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How Mongolia Turned the Tides of the Pandemic

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How Mongolia Turned the Tides of the Pandemic

Mongolia’s strong vaccination and booster rates helped it overcome a spike in cases. Now the country is looking ahead to a post-pandemic recovery.

How Mongolia Turned the Tides of the Pandemic
Credit: Depositphotos

In the global fight against the COVID-19 pandemic, Mongolia stood out as a “positive outlier” thanks to its vaccine diplomacy skills, which saw Ulaanbaatar obtain vaccines such as AstraZeneca, Sputnik V, Sinopharm, and Pfizer from partners around the world. Mongolia’s multi-pillar foreign policy and diplomatic efforts were the key to its vaccine success at a time when many developing countries faced severe shortages.

Still, in the summer of 2021, Mongolia experienced its highest infection spike to date, rising sharply from a few hundred daily cases in May to a peak of nearly 4,000 daily cases in September, leading to 2,023 deaths.

Nevertheless, thanks to relentless efforts made by Mongolia’s Foreign Ministry and Ministry of Health and the assistance from China, Russia, and third neighbor countries, Mongolia has managed to turn the tides of the pandemic yet again.

In the summer of 2021, despite Prime Minister Oyun-Erdene Luvsannamsrai’s optimism, the number of daily new confirmed COVID-19 cases and death rose sharply, receiving criticism from all sides of the political and social spectrum. However, the latest figures give hope that the country has ridden out the storm, while still having a stockpile of vaccines to be administered. That has allowed Mongolia to push ahead with third doses or “booster shots.”

Bolortuya Chuluunbaatar, the press secretary of the prime minister’s office, said in a tweet on December 6 that 23 percent of the total population, or 39 percent of adults, had received a third dose of vaccine. Zavkhan province is leading in vaccination numbers, with 49 percent of adults already vaccinated with a booster. Bolortuya added that 56.6 percent of the people who have received the booster are elderly, aged between 70-74.

Urug, a Mongolian independent media outlet, reported that 74.9 percent of the population in Ulaanbaatar had been fully vaccinated, and 37.4 had received a third dose. Overall, 91 percent of the adult population is fully vaccinated, making the landlocked country one of the most vaccinated nations in the world.

Mongolia’s pandemic management efforts were helped by the Mongolian government’s securing more than 2.5 million doses of booster shots of Pfizer BioNTech vaccine through the COVAX initiative, with a grant from Japan. Moreover, in August, “Japan has signed an agreement with Mongolia to extend 883 million yen ($8 million) in grant aid to help the country fight the coronavirus pandemic.” The grant specifically went toward providing cold chain equipment to keep vaccines at the proper temperatures.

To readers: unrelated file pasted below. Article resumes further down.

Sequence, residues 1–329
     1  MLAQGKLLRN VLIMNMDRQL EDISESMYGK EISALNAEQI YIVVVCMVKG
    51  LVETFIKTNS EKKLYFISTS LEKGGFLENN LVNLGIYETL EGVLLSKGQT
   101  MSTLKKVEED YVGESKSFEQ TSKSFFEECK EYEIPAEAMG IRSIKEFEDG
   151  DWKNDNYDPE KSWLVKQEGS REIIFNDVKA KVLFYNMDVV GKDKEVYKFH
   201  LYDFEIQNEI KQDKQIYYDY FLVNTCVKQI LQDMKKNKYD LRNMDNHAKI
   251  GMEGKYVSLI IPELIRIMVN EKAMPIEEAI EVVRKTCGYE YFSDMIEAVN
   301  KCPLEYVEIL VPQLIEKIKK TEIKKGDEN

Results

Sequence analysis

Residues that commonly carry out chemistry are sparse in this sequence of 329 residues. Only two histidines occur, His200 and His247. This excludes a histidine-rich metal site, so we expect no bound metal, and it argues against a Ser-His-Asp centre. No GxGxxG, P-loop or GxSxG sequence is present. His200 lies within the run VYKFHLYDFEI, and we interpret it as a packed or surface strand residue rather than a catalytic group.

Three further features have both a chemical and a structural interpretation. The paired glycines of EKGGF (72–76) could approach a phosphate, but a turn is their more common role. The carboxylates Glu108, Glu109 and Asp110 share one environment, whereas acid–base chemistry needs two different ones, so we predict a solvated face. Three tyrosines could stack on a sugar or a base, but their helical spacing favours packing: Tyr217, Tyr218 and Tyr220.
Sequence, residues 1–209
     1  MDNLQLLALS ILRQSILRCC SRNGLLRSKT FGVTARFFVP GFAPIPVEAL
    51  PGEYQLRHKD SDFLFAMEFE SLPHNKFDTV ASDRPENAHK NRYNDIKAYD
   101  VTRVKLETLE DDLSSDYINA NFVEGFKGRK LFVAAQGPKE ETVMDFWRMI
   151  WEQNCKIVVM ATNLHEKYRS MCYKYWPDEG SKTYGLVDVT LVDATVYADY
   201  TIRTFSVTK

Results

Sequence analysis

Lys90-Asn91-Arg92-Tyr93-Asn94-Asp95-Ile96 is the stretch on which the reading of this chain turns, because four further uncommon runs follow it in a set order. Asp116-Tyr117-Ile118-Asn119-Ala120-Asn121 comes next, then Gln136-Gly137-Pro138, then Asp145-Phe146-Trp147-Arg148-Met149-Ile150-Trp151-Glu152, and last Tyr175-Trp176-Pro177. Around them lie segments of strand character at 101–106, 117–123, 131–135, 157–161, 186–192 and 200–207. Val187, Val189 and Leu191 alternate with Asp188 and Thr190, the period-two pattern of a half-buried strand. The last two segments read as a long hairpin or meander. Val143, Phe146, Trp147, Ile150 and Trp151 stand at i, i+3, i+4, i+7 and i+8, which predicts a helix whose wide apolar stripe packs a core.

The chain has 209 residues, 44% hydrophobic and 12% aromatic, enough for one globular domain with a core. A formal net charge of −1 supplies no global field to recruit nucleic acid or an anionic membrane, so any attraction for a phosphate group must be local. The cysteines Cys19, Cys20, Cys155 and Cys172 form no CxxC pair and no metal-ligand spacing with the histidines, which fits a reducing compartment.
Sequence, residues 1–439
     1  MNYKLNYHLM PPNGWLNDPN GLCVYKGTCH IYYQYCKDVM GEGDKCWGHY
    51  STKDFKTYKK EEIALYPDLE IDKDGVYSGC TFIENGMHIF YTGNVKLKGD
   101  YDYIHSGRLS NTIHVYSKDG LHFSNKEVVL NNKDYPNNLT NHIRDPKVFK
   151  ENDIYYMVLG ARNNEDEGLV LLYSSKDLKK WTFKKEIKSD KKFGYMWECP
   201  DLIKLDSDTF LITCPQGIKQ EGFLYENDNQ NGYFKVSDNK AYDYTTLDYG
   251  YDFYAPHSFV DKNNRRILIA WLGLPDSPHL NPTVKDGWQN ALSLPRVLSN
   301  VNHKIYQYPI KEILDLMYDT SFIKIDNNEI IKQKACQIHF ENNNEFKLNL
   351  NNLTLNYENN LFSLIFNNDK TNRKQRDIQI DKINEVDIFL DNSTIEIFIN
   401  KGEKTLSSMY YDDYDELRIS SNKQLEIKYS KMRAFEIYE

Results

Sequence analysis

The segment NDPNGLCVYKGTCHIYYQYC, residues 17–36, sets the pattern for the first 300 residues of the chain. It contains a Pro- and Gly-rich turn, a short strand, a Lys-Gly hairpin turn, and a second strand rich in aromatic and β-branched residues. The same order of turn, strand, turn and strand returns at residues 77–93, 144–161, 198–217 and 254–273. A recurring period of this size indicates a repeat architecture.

While Mongolia has been active in the regional fight against COVID-19, other countries have also noticed Mongolia’s success in vaccinating both urban and rural populations. On December 2, Advisor to the Health Ministry Batbayar Ochirbat was interviewed by CNBC, and the U.S. television network recognized Mongolia’s astonishing success in bringing numbers down while receiving vaccinations and boosters. He stated, “Mongolia started with administering anti-viral early on under an organized action. We’re confident that Mongolia will get more COVID vaccines if needed. So far, we have a stockpiles of 7.7 million vaccinations.”

Moving forward, the government announced its preparations for the “New Revival Policy,” which aims to reinvigorate and diversify Mongolia’s economy, bolster export-oriented development projects, and increase foreign and domestic investment by creating a more favorable business environment.

In pursuit of diversifying its economy, the Business Council of Mongolia hosted the COP26 Implications on Business and Investment Forum, which include panelists such as Axelle Nicaise, ambassador and the head of the European Delegation to Mongolia; Catherine Ivkoff, Canada’s ambassador to Mongolia;, Philip Malone, the U.K. ambassador to Mongolia; Sebastien Surun, France’s ambassador to Mongolia; and Gregory May, deputy chief of mission at the U.S. Embassy Ulaanbaatar.

Given recent climate pledges made at COP26 in Glasgow, Scotland, with signals a global shift away from coal, it is paramount for Mongolia to highlight the changing investment climate. Mongolia’s change-in-gear can be viewed as an opportunity for foreign investors, but it is also a necessity for the country to shift toward truly diversifying the national economy, embracing green energy and sustainable development projects.

While all these dynamics are mentioned in Mongolia’s long-term development strategy, Vision 2050, Oyun-Erdene and his government must find a tangible roadmap to achieve these goals and improve the country’s investment environment. In the short term, Mongolia – like many other countries – must also find a solution to extreme price hikes for groceries and fuel. Moreover, as a significant recovery measurement, the Ministry of Finance rolled out the most extensive stimulus package yet, worth 10 trillion Mongolian tugrik ($3.5 billion) or a quarter of the country’s GDP.